In this study, about 7% of CLL (CD5+/CD23+) cases expressed heterogeneous to dim monoclonal kappa light chains, with 15% expressing dim to moderate monoclonal lambda light chains. None of the aCLL (CD5+/CD23–) cases had monoclonal kappa light chains, whereas monoclonal lambda light chains were heterogeneously expressed in 16.7%. Twenty-two percent of MCL cases expressed monoclonal kappa light chains and 66.7% expressed monoclonal lambda light chains, which is lower than that reported by Hasan et al. (67.6% and 32.4%, respectively) and Starostka et al. (50% and 39.4%, respectively), mostly due to technical issues.
SMZL, according to the findings of this study, is a disease of middle-aged patients, with a median age of 60 years, which is consistent with the findings of many other studies. SMZL seems to affect males more than females; gender prevalence is controversial (46), but there is an increasing trend of male predominance. Splenomegaly and anemia are the most common clinical signs and they were observed in 50% of patients; however, thrombocytopenia has been reported in 25.2% of cases. These results are in agreement with Piris et al. and Behdad et al. According to our results, the morphology had no diagnostic value, as Zhang et al. found that BM core biopsy and/or immunophenotyping data are needed in combination with PB morphology to support the diagnosis. The CD5 was expressed in 53.1% of cases and this frequency is slightly higher than that of Al-Anizi et al., who reported an overall incidence of CD5 expression in 41% of cases, and in contrast with Santos et al., who reported an overall incidence of CD5 positivity in 10%–25% of the cases. Ortolani observed CD5 positivity in 12%–50% of SMZL cases. Another report by Jevremovic et al. raises the possibility that the variable expression of CD5 on SMZL can be attributed to the variation in the detection techniques and the microenvironment. NPV for CD5–/CD23– and CD5–/CD23+ phenotypes to detect SMZL was 84.7% and 85.6%, respectively, which is in accordance with Gujral et al.; however, the PPV for CD5–/CD23–, CD5–/CD23+ was low (36.8% and 53.3%, respectively). This was most likely due to the high number of CD5–/CD23– and CD5–/CD23+ in our non-SMZL cohort. CD23 was expressed in 66% and CD11c was expressed in 54.8%; these results are in accordance with Santos et al. and very close to what was reported by Al-Anizi et al., who found CD23 and CD11c positivity in 59% and 50% of SMZL cases, respectively. CD103 and CD123 were negative in all cases, which was in agreement with Behdad et al. Regarding CD25 expression, we noted a positivity for this HCL marker in 4% (1/26) of cases, which was in accordance with Al-Anizi et al. (3%); on the other hand, Starostka et al. observed a higher figure (54%). CD25 was negative in 96% of cases, so it readily differentiated SMZL cases from HCL cases; there was only one positive case for CD25 with heterogeneous expression and one negative case for both CD103 and CD123 that resembled HCL-v but with negativity for CD11c, which favored the diagnosis of SMZL. These results are in accordance with Behdad et al., who reported that SMZL virtually never exhibits strong expression of CD103, CD11c, and CD25.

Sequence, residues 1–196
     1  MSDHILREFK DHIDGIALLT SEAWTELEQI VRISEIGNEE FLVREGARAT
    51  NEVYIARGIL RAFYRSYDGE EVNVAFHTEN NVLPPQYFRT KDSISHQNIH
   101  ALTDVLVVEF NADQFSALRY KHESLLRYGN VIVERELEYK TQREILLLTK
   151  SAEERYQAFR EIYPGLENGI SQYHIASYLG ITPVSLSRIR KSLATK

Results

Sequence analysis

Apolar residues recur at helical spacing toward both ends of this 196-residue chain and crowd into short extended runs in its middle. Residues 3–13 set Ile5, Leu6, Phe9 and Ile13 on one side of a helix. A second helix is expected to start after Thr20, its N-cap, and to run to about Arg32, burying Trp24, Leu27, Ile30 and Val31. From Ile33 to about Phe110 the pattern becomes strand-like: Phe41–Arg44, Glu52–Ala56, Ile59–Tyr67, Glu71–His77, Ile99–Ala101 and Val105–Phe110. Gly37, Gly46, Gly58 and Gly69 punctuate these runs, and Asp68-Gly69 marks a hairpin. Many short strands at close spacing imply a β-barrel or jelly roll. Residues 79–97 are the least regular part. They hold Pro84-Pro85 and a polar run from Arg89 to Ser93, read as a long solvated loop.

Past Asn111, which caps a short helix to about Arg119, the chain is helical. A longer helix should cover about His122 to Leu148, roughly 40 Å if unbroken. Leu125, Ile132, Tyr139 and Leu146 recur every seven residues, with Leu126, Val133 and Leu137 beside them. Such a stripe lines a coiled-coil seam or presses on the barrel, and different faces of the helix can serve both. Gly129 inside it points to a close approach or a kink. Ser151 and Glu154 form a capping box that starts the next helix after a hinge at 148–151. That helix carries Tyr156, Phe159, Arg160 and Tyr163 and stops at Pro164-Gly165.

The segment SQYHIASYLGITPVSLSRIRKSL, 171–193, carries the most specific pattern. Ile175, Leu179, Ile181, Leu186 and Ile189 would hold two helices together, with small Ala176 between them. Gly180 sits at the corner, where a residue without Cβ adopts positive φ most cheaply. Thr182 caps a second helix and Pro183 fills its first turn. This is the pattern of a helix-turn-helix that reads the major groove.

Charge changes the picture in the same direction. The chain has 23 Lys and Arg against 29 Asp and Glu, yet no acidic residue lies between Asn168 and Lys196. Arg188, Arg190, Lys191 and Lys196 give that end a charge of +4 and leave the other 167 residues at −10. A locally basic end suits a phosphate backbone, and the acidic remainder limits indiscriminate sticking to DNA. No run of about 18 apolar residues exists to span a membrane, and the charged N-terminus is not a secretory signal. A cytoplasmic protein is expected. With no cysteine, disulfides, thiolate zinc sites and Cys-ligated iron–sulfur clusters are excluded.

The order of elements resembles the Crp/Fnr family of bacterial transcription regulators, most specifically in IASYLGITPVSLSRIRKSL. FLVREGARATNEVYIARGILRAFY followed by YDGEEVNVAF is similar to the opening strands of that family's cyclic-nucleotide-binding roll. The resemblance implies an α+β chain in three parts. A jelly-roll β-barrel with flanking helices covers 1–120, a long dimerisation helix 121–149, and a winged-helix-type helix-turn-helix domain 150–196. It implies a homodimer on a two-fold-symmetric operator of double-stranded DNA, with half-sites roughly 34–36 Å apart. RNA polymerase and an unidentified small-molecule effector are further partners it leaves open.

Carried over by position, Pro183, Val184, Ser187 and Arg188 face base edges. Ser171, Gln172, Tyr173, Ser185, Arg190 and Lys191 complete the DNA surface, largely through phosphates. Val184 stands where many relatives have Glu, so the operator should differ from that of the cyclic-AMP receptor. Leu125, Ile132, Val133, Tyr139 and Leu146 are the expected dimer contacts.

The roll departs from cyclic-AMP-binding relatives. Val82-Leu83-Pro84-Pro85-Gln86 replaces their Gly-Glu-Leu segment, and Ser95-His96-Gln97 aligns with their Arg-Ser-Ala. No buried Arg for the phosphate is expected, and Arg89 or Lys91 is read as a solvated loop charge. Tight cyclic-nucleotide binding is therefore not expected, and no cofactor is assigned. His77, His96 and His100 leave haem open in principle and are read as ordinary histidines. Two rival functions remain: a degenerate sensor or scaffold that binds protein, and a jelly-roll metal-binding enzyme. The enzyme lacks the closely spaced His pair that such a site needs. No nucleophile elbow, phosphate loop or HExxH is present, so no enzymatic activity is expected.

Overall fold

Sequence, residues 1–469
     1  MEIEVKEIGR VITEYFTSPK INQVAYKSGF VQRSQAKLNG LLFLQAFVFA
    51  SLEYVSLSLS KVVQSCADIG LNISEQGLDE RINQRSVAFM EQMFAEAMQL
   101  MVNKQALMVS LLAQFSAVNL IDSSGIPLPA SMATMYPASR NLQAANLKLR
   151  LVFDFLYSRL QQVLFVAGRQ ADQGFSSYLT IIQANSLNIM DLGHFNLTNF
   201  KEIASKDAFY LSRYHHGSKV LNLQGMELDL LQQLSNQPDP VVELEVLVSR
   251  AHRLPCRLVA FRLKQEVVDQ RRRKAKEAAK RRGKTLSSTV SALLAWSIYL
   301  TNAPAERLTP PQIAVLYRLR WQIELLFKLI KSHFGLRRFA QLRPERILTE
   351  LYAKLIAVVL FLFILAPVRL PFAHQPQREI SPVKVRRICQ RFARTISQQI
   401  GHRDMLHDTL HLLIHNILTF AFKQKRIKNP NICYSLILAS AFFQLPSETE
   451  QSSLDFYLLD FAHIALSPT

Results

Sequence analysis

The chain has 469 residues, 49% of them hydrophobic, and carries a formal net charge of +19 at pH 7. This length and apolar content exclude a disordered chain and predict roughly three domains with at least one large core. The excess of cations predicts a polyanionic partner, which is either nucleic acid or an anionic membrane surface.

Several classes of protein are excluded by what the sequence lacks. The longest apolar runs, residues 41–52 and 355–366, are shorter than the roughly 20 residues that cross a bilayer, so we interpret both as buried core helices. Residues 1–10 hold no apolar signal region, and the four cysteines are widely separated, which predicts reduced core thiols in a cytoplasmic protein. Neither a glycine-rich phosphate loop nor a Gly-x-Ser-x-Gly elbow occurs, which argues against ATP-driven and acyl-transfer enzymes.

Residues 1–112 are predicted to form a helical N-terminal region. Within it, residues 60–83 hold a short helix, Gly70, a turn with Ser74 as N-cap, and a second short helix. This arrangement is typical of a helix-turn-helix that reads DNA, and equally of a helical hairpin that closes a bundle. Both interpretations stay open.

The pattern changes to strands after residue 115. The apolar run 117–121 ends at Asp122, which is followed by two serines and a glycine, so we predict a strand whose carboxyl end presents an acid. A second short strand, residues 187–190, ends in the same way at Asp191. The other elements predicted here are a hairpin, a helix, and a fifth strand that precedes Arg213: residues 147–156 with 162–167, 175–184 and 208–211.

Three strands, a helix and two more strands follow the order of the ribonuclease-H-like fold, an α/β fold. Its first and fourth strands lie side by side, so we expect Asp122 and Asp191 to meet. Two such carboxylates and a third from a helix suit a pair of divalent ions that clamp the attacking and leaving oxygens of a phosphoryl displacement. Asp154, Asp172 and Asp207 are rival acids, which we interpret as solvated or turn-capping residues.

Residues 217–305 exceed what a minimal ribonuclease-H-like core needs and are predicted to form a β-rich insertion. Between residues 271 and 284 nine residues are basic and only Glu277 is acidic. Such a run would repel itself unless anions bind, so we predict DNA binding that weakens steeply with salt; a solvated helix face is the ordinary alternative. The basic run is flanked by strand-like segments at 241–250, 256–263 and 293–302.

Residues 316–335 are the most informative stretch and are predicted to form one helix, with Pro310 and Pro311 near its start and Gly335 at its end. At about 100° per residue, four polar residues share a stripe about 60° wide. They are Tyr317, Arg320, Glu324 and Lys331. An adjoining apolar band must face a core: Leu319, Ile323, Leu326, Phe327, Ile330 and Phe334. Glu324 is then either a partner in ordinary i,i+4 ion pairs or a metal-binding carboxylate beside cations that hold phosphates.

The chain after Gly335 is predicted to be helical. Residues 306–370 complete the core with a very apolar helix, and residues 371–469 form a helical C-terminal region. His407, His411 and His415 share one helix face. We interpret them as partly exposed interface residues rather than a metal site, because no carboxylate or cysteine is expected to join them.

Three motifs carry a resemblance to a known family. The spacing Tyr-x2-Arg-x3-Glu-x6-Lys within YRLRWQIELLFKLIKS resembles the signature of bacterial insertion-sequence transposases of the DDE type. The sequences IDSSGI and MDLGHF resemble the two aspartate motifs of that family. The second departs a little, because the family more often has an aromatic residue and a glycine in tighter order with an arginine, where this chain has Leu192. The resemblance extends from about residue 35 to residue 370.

The median age of patients with MCL at diagnosis was 64 years, with a striking male predominance (92%) with an M:F ratio of 11:1. Splenomegaly and lymphadenopathy were the most common clinical features seen in 58.3% of cases, in agreement with that reported by McKay et al. In correlation with morphology, only one case (8.3%) was truly diagnosed as MCL, which is in accordance with what was found by Zhang et al., where one case (16.7%) was likely to be diagnosed as MCL. The CD5+/CD23– antigenic expression pattern, which is classical of MCL, was expressed in 75% (9/12) of MCL cases, with a high NPV of 98%. Absence of this pattern ruled out the diagnosis of MCL, except for three cases; these results are in accordance with Gujral et al., who found a high NPV of 99% for this pattern. Three cases of MCL have the CD5+/CD23+ phenotype (which is classical for CLL) but with positive CD79b, and FMC7 with bright CD20 and CD22 expression whereas it is negative for light chain restriction, which favored the diagnosis of MCL. These results are in accordance with Morice et al. who had shown that CD22 and CD20 expression could help to differentiate CLL from MCL or other non-CLL cases, with both, CD22 and CD20, showing dim expression in CLL and bright expression in non-CLL cases.